This web site documents the geographic dimension of poverty in the United States.  Poverty is generally defined at the individual or family level as not having enough money to buy basic necessities. But because poor people tend to live in poor neighborhoods, poverty also has a spatial component. High-poverty neighborhoods can be dangerous and unhealthy places to live, and children growing up in such neighborhoods may lack positive role models and be exposed to crime, gangs, drugs, and other negative influences. The tendency of poor persons to be clustered in high-poverty neighborhoods is often referred to as the "concentration of poverty."  The severe economic deprivation of such neighborhoods exacerbates the problems of having low income. Understanding how the spatial context of poverty affects individuals and limits opportunities has become an important theme in recent research (see, for example, Bluestone 2000; Brooks-Gunn et al. 1997a, 1997b; Bobo et al. 2000; Drier et al. 2001; Orfield 1996; Sjoquist 2000; Squires 2002).  

Between 1970 and 1990, poverty became substantially more concentrated in the United States. Poor persons of most racial and ethnic groups were much more likely to live in a ghetto, barrio, or slum (Jargowsky, 1997). However, in the 1990s, there was a substantial reversal of the trend.  "Stunning Progress, Hidden Problems: Concentrated Poverty in the 1990s," a Brookings Institution Policy Brief issued by the Center for Urban and Metropolitan Policy, details these changes, as well as the finding that inner-ring suburbs experienced increases in poverty during the 1990s.   

Milwaukee High-Povety Areas, 2000In this interactive web site, you are able to select a city or metropolitan area and view the location of high-poverty census tracts and observe the growth of high-poverty areas over time. In addition, you may view the changing demographics of the population. All of the maps here are based on U.S. Census data from 1970 through 2000. The data are summarized at the neighborhood level, using Census Tracts as proxies for neighborhoods. Click on the "About this Project" tab for more details about our methodology, and on "How to Use" for more information  on how to use the mapping tool. The "About" tab also discusses our policy regarding the use of the images generated using the web site. To get to the map page, click the "Generate Maps" button at the top of the page.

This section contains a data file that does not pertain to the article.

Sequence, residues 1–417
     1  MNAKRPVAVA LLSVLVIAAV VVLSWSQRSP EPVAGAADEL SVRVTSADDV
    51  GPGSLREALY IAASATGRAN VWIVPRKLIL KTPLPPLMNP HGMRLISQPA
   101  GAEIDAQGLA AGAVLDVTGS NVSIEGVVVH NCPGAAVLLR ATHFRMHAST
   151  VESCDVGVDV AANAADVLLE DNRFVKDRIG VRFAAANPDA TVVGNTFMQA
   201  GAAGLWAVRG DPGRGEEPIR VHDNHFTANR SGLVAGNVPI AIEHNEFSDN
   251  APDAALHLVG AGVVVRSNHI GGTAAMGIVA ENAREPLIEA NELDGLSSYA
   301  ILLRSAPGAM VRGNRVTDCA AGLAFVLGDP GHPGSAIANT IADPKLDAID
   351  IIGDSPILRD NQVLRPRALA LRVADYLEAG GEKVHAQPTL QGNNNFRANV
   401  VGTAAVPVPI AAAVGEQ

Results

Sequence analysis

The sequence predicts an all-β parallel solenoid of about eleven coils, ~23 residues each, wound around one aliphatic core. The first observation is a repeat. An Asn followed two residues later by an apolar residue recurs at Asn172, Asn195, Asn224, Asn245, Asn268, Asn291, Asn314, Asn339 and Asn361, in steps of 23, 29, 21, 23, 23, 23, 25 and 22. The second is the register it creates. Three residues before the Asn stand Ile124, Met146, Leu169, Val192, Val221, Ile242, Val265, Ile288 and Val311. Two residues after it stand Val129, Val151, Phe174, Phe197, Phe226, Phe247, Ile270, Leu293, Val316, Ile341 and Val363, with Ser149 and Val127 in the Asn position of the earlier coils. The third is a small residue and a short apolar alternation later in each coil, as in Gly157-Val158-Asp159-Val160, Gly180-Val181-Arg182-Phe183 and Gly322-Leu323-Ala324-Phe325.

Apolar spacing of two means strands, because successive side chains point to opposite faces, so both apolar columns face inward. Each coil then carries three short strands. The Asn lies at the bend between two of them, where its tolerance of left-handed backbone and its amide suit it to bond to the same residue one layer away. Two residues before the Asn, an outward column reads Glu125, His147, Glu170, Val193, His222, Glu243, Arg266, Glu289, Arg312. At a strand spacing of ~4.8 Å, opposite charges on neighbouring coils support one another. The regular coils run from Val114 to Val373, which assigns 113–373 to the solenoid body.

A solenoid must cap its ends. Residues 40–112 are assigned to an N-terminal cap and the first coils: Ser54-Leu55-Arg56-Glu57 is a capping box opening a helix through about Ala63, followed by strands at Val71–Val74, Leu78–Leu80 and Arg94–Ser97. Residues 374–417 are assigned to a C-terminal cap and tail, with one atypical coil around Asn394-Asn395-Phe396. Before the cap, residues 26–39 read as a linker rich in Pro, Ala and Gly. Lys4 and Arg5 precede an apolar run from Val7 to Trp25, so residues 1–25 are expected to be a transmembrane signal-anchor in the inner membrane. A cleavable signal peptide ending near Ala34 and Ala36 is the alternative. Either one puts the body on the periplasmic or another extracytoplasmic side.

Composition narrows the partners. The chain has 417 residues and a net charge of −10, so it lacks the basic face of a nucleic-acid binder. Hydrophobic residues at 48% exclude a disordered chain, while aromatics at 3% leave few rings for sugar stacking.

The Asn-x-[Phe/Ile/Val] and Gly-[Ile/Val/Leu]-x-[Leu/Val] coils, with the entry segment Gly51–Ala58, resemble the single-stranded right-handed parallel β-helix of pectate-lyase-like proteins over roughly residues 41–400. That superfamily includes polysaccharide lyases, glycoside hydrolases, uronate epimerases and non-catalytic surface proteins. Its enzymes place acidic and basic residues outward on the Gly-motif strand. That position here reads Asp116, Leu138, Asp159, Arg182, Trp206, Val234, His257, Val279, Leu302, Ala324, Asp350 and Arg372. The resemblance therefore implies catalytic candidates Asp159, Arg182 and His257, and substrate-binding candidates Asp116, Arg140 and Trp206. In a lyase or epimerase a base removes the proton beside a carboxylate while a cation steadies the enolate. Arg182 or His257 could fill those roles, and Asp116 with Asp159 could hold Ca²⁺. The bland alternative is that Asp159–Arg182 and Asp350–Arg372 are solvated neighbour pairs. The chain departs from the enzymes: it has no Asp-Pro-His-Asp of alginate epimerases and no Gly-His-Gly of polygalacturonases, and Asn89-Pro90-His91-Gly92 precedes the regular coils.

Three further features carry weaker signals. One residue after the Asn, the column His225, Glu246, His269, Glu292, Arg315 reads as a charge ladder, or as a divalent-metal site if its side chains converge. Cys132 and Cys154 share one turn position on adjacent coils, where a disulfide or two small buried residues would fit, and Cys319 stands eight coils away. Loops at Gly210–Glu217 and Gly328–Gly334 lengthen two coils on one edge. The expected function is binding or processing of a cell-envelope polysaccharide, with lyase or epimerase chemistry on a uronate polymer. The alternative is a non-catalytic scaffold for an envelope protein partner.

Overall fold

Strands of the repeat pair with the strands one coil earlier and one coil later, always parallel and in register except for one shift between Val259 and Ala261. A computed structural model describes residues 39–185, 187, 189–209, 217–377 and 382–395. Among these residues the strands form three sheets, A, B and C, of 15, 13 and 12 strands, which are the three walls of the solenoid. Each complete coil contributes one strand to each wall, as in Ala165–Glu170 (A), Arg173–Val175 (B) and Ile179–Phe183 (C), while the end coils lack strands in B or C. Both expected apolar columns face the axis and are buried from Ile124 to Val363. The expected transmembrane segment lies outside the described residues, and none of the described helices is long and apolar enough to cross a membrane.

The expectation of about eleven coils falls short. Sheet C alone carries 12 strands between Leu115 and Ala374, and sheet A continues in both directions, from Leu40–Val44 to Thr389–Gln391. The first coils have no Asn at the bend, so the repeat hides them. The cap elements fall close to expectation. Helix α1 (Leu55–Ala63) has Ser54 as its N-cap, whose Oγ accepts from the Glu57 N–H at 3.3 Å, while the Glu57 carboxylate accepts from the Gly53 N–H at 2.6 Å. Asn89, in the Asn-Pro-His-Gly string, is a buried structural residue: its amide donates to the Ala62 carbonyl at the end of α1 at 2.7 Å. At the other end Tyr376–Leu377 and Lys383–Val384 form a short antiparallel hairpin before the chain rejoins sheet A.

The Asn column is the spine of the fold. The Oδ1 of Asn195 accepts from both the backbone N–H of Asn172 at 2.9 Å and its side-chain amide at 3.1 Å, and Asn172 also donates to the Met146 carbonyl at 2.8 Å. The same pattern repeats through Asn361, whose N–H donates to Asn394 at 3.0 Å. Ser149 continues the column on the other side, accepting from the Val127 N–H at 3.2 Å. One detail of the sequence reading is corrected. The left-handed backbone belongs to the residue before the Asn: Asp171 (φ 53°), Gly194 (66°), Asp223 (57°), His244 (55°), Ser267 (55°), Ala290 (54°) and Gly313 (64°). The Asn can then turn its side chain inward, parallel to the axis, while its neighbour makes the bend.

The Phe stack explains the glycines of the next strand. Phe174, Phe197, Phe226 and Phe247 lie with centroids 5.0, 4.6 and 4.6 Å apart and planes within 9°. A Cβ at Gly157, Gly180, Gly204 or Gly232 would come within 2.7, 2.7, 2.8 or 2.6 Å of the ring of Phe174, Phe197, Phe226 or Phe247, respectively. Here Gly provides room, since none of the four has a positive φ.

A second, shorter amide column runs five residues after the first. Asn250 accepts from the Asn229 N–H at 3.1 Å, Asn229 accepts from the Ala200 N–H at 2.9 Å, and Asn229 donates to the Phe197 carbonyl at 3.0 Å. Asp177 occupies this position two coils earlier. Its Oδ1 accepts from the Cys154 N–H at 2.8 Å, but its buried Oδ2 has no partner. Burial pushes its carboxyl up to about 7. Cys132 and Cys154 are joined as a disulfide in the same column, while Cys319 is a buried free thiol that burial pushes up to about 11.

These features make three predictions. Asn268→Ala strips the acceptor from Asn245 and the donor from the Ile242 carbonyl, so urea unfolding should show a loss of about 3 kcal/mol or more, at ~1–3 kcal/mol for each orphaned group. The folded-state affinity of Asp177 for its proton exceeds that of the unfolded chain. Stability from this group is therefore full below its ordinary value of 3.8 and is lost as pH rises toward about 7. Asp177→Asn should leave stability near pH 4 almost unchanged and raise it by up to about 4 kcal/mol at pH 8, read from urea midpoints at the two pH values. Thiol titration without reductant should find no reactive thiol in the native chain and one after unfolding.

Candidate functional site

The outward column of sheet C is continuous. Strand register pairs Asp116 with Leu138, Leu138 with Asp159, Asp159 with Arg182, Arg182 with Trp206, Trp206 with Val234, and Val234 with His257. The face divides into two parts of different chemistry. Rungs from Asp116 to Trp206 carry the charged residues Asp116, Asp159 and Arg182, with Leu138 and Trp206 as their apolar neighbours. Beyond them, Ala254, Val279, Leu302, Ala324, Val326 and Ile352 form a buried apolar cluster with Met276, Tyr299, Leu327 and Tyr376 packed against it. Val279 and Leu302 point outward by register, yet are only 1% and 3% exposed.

The purpose of this web page is to provide an easily accessible source of maps showing the concentration of poverty and related demographic information in U.S. Metropolitan areas.  We hope this information is useful to students, journalists, city planners, and anyone interested in community development.  Our goal is to allow researchers, advocates, and students who have little or no experience with Geographic Information Systems (GIS) to visualize poverty and population trends at the neighborhood level for any location in the United States from 1970 to 2000. 

While useful, the capabilities of this web site are quite limited compared to a full-blown GIS.  If you find this web site useful, you may wish to learn more about GIS.  If you want to be able to be able to map any of thousands of Census variables, and to have more control over the form of the maps (colors, categories, etc.), you may wish to obtain the CensusCD Neighborhood Change Database, which includes mapping software..

This project was funded by a grant from the Brookings Institution and received additional support from the University of Texas at Dallas.  The principal designers of the web site are JeongDai Kim, Sonia Monga, and Karl Ho.  The director of the project is Paul A. Jargowsky.  Click on the comments link below to forward any thoughts, questions, or suggestions about the web site.


 The Bruton Center at the University of Texas at Dallas

Brookings Institution Center on Urban and Metropolitan Policy

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Last Updated: May 30, 2006